In reality, my mother’s heartbreak came instead at the revelation that I spent so much of my life suffering from undiagnosed mental illness. But ultimately, that heartbreak was necessary for us to move forward. Though our relationship in the past was close, it’s nothing compared to our relationship now. Coming clean about the depths of my depression, with all of the ugly, nasty baggage that went with it, allowed us new freedoms in how we openly communicate with each other, finding no emotion so unpleasant that we can’t work through it together. My life is immeasurably improved by allowing myself the luxury of letting go of the repression I was raised with and accepting that it’s okay to not always be the “happy girl.”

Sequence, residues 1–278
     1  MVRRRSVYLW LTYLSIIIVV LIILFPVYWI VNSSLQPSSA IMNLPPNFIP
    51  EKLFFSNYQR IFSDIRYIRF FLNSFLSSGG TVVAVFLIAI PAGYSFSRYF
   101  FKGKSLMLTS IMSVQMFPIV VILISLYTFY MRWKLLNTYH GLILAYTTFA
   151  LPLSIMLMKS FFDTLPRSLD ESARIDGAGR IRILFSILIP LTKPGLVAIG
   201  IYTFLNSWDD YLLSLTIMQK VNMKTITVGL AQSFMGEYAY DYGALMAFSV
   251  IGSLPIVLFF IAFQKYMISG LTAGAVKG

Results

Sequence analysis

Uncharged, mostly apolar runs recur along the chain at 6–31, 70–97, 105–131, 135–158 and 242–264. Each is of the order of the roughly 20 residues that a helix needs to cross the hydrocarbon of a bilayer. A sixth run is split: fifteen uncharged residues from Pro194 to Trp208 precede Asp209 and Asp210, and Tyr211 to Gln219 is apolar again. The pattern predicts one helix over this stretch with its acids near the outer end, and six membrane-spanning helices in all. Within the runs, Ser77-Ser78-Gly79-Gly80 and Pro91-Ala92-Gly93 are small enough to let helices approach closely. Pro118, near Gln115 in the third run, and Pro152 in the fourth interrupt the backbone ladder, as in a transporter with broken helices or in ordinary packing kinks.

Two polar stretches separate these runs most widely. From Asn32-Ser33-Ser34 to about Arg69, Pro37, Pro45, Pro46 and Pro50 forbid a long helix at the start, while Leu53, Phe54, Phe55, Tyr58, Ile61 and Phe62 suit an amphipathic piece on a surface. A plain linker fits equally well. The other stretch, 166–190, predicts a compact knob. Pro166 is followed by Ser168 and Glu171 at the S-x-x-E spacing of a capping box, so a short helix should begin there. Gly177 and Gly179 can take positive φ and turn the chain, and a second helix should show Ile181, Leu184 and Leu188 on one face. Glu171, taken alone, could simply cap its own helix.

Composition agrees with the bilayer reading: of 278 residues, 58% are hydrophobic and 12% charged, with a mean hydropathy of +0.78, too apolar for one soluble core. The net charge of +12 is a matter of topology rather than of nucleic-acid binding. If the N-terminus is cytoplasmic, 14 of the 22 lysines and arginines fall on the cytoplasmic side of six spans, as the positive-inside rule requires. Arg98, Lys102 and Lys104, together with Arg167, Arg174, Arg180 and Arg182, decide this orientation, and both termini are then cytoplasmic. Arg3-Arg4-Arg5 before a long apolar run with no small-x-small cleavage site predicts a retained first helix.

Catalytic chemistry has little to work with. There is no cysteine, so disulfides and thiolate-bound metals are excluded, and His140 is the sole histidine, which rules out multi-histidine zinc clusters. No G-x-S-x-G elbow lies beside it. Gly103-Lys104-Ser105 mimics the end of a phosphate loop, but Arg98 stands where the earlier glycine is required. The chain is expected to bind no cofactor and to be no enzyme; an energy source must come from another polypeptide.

“Inside Out” is a brilliant tale about the importance of feeling all of your emotions, even the unpleasant ones. It teaches children, even if they don’t know it at the time, that the best way to experience true happiness is to let yourself feel fear and anger and sadness and all of those emotions you might otherwise be afraid of. It’s a lesson to all, regardless of age or locale, that feeling things other than happiness won’t ruin your life and, in fact, just might save it.